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Each spring in late April Friends of the Jordan volunteers kicks off its Adopt-A-Highway cleanup effort on  its designated stretch of roadside along highway M-66. The event also coincides close to Earth Day.

Adopt-A-Highway is a Michigan Department of Transportation (MDOT) program designed to help keep the state's highway roadsides clean and attractive. Earth Day is an annual event, celebrated on April 22, on which day events worldwide are held to demonstrate support for environmental protection.

  1. The average American often tosses away 4.5 pounds of garbage daily. Major Waste Disposal estimates that the amount of garbage we toss, all together, on a daily basis, would fill 63,000 garbage trucks. This is why it's super important to reduce, reuse, and recycle — recycling helps us create more space, and make the most out of our materials and resources. Earth Day definitely pushes recycling, reminding us why it's important to take a second and put our garbage in the bins where it'd make the most difference.
  2. Earth Day didn't take long to catch on. In fact, 20 million people took part in the Earth Day activities of 1970, storming the streets to protest the industrial revolution. Unlike other starter holidays, people seemed psyched to celebrate it loud and proud. It's so big, that the Earth Day Network formed right around the same time, and currently works with 196 countries to help improve the environment.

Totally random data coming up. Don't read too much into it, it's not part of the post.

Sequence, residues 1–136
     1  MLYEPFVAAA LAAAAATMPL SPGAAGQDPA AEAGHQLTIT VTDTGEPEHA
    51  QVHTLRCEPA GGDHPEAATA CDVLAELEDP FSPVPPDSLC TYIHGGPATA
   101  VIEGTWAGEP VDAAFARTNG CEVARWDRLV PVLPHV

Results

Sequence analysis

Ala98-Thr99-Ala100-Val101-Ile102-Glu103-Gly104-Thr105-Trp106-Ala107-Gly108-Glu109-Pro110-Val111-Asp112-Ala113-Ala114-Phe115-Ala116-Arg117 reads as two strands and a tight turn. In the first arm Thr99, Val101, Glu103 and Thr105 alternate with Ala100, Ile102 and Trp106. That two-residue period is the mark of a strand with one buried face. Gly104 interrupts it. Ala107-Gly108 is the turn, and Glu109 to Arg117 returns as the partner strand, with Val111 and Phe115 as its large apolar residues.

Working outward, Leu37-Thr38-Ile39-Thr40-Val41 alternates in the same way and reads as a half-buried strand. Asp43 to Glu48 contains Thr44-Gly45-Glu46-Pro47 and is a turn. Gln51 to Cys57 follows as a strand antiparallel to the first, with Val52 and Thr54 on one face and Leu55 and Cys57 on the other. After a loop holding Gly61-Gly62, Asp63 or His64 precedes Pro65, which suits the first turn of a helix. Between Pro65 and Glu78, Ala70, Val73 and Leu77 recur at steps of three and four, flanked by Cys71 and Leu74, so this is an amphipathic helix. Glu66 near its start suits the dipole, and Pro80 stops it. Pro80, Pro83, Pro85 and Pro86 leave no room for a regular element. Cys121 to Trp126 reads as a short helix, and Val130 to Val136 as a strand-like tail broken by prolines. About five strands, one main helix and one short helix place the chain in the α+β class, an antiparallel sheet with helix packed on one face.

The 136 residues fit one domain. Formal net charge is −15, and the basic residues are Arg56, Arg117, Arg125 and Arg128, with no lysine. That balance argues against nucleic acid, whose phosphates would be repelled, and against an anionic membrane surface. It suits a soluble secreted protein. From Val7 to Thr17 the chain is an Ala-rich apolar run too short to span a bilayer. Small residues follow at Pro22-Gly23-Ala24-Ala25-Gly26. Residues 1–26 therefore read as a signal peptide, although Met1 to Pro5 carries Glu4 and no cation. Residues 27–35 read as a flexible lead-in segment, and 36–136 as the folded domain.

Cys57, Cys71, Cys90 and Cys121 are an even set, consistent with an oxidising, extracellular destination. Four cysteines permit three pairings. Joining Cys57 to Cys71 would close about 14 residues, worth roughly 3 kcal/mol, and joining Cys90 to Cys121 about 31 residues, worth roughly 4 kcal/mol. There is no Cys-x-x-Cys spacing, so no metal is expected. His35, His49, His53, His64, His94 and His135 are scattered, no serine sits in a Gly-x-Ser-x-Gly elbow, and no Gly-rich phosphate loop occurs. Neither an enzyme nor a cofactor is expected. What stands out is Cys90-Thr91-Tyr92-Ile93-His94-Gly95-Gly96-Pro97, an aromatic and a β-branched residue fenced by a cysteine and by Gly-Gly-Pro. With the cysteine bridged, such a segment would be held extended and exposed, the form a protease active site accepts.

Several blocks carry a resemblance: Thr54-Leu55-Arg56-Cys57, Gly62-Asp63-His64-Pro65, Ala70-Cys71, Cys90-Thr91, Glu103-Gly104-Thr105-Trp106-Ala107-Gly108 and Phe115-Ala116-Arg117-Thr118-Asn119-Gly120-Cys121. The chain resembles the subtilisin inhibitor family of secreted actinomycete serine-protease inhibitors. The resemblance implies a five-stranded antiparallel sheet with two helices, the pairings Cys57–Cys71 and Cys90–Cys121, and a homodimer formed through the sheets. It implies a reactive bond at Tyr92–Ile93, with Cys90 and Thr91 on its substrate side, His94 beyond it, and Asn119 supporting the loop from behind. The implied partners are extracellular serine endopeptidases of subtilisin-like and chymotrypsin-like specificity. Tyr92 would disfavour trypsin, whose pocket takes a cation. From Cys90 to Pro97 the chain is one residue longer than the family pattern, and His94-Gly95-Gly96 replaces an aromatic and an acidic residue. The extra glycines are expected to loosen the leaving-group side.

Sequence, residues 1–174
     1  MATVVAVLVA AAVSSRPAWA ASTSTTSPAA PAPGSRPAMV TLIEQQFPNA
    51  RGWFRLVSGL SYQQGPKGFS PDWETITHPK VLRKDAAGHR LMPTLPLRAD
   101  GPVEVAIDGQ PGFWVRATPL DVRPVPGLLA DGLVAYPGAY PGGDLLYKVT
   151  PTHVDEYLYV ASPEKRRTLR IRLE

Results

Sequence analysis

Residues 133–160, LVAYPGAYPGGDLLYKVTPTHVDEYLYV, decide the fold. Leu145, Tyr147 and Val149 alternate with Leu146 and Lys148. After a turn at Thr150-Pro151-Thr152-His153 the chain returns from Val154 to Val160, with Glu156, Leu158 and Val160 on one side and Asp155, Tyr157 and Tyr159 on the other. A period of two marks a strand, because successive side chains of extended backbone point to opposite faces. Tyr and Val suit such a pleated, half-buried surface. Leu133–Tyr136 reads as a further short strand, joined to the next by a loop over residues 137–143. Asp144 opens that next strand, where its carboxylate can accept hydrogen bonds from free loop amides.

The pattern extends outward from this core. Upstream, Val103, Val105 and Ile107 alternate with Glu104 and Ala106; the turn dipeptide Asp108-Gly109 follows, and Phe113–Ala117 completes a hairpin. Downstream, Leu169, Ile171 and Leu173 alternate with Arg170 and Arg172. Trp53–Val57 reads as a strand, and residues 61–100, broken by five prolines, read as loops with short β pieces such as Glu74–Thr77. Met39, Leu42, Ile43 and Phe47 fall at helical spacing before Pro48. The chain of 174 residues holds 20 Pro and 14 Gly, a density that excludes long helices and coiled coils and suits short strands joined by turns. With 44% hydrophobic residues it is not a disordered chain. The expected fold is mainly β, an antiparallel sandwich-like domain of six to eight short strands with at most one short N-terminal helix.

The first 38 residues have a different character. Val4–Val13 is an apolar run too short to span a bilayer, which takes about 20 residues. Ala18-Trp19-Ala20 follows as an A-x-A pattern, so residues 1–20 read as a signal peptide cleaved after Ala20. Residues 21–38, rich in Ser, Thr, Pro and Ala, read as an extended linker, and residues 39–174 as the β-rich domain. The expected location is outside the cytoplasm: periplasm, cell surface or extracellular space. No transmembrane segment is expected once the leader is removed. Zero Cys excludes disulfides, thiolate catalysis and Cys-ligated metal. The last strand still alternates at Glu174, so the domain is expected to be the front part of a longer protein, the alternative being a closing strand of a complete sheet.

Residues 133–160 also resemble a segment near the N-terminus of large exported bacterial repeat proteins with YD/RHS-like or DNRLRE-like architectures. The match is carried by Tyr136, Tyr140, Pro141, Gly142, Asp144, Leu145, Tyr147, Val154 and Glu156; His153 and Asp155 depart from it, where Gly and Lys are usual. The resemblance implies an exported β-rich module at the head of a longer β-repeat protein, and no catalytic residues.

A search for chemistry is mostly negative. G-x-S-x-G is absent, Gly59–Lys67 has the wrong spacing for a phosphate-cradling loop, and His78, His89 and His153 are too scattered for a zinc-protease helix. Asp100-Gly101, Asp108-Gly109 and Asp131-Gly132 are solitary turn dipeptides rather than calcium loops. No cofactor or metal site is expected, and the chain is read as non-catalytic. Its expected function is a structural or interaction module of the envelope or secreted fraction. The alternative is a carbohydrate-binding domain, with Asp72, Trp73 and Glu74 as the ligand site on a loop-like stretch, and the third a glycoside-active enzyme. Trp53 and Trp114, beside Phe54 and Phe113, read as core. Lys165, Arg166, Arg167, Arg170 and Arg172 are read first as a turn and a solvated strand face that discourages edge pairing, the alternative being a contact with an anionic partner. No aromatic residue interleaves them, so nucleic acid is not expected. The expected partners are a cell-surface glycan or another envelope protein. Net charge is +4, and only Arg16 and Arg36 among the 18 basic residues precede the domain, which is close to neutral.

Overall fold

3.  It takes about a thousand years for plastic bottles to naturally break down. Americans love plastic. But, Americans sometimes have a tough time recycling plastic. In 2012, we produced roughly 32 million tons of it, but it was reported that only about 25 percent of it was recycled. While this is kind of a petty percentage, the act of recycling really hit an upswing in the '90s — it used to be much, much worse. With Earth Day continually pushing the act of recycling, we can expect that percentage to grow a bunch in the future.
  4. Recycling helps keep many jobs secure. When you're making sure to separate your recyclables, think about how many jobs you're helping to create — 2.3 million, to be exact. So not only are you helping the Earth, but you're helping many people stay gainfully employed.
  5.  Speaking of trees, we use between 650 and 680 pounds of paper a year. Earth Day is big with replanting trees, which is obviously good for providing oxygen, housing wildlife, and adding to the general aesthetic of the great outdoors. But, paper comes from trees — that's just a fact. And while we enjoy our Sunday funnies, it's important to know that 500,000 trees are used to create Sunday newspapers. And that's just newspaper. What about printer paper? While more and more offices are getting better with making sure to recycle the paper that their printers chewed up, there's still a lot of work to be done. After all, TIME reports that by recycling one ton of paper, we'd be saving enough energy to heat an entire home for half of a year.
  6.  Disney is trying hard to spread the message. Just a day before Earth Day in 2008, Disney founded "Disneynature," a company that works solely on documentaries about the Earth, and the animals that exist in it. It's located in Paris, and has released eight films so far. Its ninth is called Born In China, which will document endangered species found in China, and will be released on Earth Day this year. Its first film, Earth, debuted in America in 2009 and had the same exact premiere date.
  7.  Planting trees is important, since we're currently losing over 15 billion trees annually. Obviously it's important to try and cut down our paper usage, but replacing what we've taken is equally important. According to TIME, our global percentage of trees has declined by 46 percent since humans took over — and that's a lot. It's why Earth Day takes pride in making sure we hit new records with planting trees. It's definitely an important step in fighting climate change.